It's not only humans who struggle with their weight: our furry companions do too! But when does it become a health concern? How do we know if our pet is overweight and what are the consequences and ways to treat this problem?
Obesity in animals
It’s important to understand that obesity is an excess of fat in the body, which is usually due to excessive food intake and insufficient energy spend. Although there are no commonly accepted criteria for obesity in pets, pets are considered overweight when they weigh 10% to 30% more than their optimal body weight. There are several "home tests" to detect if your pet is obese, including the rib test:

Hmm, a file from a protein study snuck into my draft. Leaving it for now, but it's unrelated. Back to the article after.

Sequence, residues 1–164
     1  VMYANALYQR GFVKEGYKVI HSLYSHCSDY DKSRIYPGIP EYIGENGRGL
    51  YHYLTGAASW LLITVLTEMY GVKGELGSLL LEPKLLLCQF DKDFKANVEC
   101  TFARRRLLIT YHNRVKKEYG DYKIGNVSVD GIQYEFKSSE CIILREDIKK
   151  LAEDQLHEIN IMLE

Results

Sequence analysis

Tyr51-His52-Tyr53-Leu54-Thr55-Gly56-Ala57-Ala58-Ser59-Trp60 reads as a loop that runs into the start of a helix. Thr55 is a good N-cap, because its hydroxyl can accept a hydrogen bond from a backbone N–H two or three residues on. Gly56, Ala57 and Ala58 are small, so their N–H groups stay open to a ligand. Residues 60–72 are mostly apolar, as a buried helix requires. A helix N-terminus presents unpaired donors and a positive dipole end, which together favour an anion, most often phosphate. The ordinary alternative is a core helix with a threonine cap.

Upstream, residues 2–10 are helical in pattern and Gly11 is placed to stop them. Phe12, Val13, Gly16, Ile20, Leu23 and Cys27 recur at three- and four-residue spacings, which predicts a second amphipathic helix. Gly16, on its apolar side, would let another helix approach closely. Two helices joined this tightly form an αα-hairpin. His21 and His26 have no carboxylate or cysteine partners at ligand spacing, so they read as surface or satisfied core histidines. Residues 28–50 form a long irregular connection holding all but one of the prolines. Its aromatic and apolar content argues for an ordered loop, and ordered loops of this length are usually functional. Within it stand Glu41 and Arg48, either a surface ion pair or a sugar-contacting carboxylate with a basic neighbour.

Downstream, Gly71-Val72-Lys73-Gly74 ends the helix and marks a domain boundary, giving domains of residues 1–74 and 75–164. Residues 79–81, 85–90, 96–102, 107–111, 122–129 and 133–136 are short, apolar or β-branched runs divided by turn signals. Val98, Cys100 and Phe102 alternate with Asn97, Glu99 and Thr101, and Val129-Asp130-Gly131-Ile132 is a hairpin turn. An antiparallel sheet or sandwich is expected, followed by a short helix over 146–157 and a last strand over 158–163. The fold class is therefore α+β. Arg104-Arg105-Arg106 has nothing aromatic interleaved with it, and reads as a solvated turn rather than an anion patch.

Stand behind your pet and gently run your hands over the sides of his body. If you can't feel the ribs as you pass by and you can pinch off more than an inch of fat, your pet may very well be overweight – and maybe even obese.
Several complications can occur as a result of your pet's significant weight gain, including cardiovascular problems, several types of cancer, and other diseases such as diabetes, all of which have the effect of shortening life expectancy.
In addition, obese pets are also more likely to become lethargic, lack motivation, and make less of an effort to exercise, play or be active.